Are you a wantrepreneur? Meet Russell and Tim...

Alright, I want to introduce you to Russell and Tim...

One of them will never build a successful business. He may make a few dollars here and there (if he’s lucky). But nothing meaningful.

The other one will build an asset that gives himself freedom and control of his time.

Meet Russell:

That’s me, Russell.

I’m 33 years old and live in Austin, TX.

I’m a marketing manager for a tech startup. And even though my job pays pretty well, I’ve been thinking long and hard about starting my own biz for a while now.

…Especially over the last few months. I’ve been reading all of these success stories...

  •  “College kid makes $10k per month selling supplements on Amazon.”

  •  “High-School Dropout Earns 7-figures a Year Selling Digital Products”

  •  “Former attorney starts a travel blog, quits her job and makes a full time living doing what she loves.”

...I’ve just never gotten anything going myself. But it’s not like I haven’t tried!

I’ve started a few blogs. They never took off.

I’ve created an eBook, but it never sold any copies.

I’ve invested a few hundred bucks in courses and books, but never saw results from any of them.

What I’ve realized is that business is all about speed. If you don’t jump on the trends quick, you’ve basically missed your shot. That’s why I subscribe to so many people’s newsletters and read so many blogs.

I want to have ALL the information I need to act when the time is right.

I’m 100% committed to owning my thing... I will one day... I hope….

Now, let's meet Tim:

That’s me, Tim.

I’m 29 years old and live in San Francisco, CA.

I’m the CEO of 10x School. Like my friend, Russell, I’ve been an entrepreneur-at-heart my whole life.

When I was first starting my business, it was hard as hell.

I was constantly outside of my comfort zone. Challenging myself to do things that felt unnatural and difficult.

I actually wanted to give up a few times, but I’m glad I stuck it out.

Because as soon as I tested my idea and got my first few customers, it got a whole lot easier.

And once things took off, there was no looking back.

I was able to quit my job, work on my business full-time and provide a better life for my future family. My wife and I are getting ready to have our first child and we're finishing up renovations on the home we recently bought—just in time!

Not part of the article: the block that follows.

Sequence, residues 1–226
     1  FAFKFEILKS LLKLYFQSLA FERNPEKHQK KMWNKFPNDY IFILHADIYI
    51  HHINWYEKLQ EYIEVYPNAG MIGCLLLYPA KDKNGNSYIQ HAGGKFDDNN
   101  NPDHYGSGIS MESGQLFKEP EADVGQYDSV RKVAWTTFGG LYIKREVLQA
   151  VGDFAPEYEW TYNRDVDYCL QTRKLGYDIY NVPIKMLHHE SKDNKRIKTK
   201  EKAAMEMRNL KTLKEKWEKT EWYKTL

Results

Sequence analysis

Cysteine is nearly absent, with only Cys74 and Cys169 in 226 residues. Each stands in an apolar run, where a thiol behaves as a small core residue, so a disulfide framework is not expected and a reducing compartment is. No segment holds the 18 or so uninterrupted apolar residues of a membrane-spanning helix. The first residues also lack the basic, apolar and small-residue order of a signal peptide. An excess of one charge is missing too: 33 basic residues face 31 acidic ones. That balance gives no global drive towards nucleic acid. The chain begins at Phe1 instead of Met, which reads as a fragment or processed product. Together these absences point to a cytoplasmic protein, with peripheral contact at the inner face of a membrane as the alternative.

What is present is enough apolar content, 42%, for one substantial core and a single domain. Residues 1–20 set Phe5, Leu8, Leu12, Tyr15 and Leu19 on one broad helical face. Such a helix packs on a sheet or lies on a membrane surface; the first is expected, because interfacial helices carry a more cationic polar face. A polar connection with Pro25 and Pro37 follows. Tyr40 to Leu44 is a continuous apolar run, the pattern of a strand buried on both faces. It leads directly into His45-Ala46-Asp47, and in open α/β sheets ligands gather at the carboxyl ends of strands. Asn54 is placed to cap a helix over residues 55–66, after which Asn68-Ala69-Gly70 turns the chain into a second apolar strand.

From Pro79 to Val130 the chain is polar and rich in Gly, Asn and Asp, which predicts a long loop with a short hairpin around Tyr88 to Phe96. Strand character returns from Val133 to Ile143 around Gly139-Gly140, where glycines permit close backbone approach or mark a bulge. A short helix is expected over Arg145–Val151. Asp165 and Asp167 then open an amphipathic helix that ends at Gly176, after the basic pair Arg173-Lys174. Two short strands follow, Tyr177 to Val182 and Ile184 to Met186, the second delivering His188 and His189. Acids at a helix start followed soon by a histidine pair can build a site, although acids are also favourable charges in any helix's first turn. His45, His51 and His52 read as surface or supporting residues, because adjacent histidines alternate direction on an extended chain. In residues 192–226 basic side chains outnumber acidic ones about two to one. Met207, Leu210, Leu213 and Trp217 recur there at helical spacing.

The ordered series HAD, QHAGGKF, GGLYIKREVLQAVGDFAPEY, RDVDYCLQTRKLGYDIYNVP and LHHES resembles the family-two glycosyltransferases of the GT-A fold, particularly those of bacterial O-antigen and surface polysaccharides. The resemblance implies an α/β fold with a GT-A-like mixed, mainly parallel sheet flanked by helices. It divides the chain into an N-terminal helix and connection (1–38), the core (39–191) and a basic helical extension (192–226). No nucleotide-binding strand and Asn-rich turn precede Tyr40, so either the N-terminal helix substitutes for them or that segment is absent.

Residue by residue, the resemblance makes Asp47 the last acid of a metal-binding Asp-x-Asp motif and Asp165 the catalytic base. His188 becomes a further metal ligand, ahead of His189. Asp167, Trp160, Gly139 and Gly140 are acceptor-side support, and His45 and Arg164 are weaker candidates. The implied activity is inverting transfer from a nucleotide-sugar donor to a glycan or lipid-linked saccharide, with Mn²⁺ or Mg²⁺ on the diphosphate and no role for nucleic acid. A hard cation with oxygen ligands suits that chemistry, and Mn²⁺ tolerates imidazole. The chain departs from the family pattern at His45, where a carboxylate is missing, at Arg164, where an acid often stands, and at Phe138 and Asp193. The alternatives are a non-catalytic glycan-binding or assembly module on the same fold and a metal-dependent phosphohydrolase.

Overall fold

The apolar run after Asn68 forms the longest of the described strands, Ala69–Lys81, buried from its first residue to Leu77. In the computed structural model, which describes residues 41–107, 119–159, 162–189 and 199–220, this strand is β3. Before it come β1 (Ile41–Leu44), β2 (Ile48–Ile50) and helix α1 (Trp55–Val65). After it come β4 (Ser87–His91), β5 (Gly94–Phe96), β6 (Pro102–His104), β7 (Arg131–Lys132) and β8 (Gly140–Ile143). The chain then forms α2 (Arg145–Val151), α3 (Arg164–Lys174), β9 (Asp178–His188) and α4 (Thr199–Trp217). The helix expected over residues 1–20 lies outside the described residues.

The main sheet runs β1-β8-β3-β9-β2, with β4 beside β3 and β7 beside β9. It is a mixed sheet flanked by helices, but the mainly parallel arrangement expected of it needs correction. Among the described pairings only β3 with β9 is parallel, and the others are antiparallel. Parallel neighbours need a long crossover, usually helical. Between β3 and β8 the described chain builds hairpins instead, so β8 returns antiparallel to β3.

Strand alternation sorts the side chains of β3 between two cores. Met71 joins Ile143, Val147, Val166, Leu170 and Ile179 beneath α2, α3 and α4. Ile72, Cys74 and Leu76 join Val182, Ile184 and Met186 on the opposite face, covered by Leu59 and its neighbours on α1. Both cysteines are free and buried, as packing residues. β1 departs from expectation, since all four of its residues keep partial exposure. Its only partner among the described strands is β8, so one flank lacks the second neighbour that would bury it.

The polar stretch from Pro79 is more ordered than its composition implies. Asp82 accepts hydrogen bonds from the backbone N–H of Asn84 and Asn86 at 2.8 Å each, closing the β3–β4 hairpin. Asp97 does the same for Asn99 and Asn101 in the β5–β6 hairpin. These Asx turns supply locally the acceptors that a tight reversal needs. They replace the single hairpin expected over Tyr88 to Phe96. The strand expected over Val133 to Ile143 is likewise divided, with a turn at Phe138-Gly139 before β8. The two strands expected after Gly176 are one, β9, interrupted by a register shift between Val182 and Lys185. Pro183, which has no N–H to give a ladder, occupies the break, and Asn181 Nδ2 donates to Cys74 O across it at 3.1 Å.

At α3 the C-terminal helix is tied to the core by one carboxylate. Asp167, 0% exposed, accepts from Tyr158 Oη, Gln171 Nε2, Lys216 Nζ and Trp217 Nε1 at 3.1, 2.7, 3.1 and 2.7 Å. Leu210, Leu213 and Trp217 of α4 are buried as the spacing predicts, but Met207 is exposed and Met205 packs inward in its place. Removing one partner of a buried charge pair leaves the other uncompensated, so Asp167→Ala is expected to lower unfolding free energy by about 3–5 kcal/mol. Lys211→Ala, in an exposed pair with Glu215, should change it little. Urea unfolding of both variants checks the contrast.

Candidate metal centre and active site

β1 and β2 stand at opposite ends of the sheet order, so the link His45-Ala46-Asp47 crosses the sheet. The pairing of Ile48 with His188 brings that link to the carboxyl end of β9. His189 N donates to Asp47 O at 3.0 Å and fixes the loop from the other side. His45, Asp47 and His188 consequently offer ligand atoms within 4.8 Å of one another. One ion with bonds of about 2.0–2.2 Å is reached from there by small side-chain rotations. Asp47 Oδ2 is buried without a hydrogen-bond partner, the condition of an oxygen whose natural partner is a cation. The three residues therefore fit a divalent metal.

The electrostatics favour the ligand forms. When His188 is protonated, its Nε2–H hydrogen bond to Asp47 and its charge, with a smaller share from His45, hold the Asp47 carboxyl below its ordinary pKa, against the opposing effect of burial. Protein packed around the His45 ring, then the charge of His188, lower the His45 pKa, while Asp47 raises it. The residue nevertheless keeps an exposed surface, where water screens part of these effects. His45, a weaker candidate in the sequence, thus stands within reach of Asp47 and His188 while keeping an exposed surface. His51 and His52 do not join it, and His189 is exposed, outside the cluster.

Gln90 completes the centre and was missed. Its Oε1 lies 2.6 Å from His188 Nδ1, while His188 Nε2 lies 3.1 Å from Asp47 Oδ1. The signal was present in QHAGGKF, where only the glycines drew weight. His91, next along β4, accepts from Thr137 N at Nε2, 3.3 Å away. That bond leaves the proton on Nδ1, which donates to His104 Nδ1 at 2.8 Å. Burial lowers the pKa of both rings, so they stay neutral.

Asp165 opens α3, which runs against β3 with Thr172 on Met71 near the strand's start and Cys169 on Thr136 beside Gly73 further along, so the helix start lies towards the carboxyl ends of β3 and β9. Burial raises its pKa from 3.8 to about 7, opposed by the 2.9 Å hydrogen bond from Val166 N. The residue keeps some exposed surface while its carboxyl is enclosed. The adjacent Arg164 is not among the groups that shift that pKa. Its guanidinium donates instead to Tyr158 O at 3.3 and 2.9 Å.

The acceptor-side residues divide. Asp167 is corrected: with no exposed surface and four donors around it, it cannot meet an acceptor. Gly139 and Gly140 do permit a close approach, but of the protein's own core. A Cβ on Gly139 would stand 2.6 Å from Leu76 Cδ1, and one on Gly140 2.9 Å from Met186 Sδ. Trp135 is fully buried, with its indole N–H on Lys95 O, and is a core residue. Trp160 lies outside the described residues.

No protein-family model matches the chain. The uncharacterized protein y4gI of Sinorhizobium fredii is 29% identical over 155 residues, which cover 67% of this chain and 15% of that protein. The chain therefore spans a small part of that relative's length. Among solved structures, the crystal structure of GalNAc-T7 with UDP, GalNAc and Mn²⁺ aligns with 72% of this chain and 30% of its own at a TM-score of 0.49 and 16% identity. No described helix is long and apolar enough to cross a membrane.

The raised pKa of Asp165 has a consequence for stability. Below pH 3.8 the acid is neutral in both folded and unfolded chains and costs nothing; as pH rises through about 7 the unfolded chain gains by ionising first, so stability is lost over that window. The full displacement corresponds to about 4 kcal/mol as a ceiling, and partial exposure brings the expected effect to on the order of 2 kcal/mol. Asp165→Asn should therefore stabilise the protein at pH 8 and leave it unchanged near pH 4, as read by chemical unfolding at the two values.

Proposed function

I’ll come back to Russell and Tim in just a sec.

But first let me tell you how I met them...

How I found out about Russell.

This is the story of how I met Russell and my most epic failure as a young entrepreneur.

It was 2009. I was a Sophomore in college. My friends and I were huge fans of 2 things:

1. Concerts


2. The occasional (decriminalized) recreational marijuana cigarette.

We didn’t look quite as cool as President Obama, but you get the picture.

Thankfully, our two favorite things went perfectly together...Well, kind of.

Until one night at a Kid Cudi concert. We ran into two huge security guards. They confiscated our joints and we almost got into serious trouble. Thankfully they let us off with a slap on the wrists and let us stay.

As we stood and semi-enjoyed/semi-looked-over-our-shoulders for the rest of the concert, I was thinking of how I could avoid that ever happening again.

Bingo. I had a great idea!

“Whoa. What if you could hide your stash in your iPhone?”

Now if that isn’t profound, I don’t know what is. I felt a bit like Adam Sandler from The Hot Chick, explaining this idea to my friends.

My Role as Russell.

I did a little Googling and found a factory on Alibaba that would actually get these weed-stashing iPhone cases designed, built and shipped pretty cheap.

And like most bad ideas, I didn’t think about the risks. I didn’t care about product-market fit or demand. I didn't worry about asking people if they'd actually buy this product. I only thought about the upside.

“This is going to make me so much money!”

Because I was CLEARLY going to make millions off this the natural next step was wiring $7,000 (that I barely had) to China to produce these things. It seemed like a great investment.

I was actually pretty pleased with final product mockups...


25 big boxes of these things showed up on my doorstep. That’s when I realized I had a ton of these things to sell and no idea what I was doing.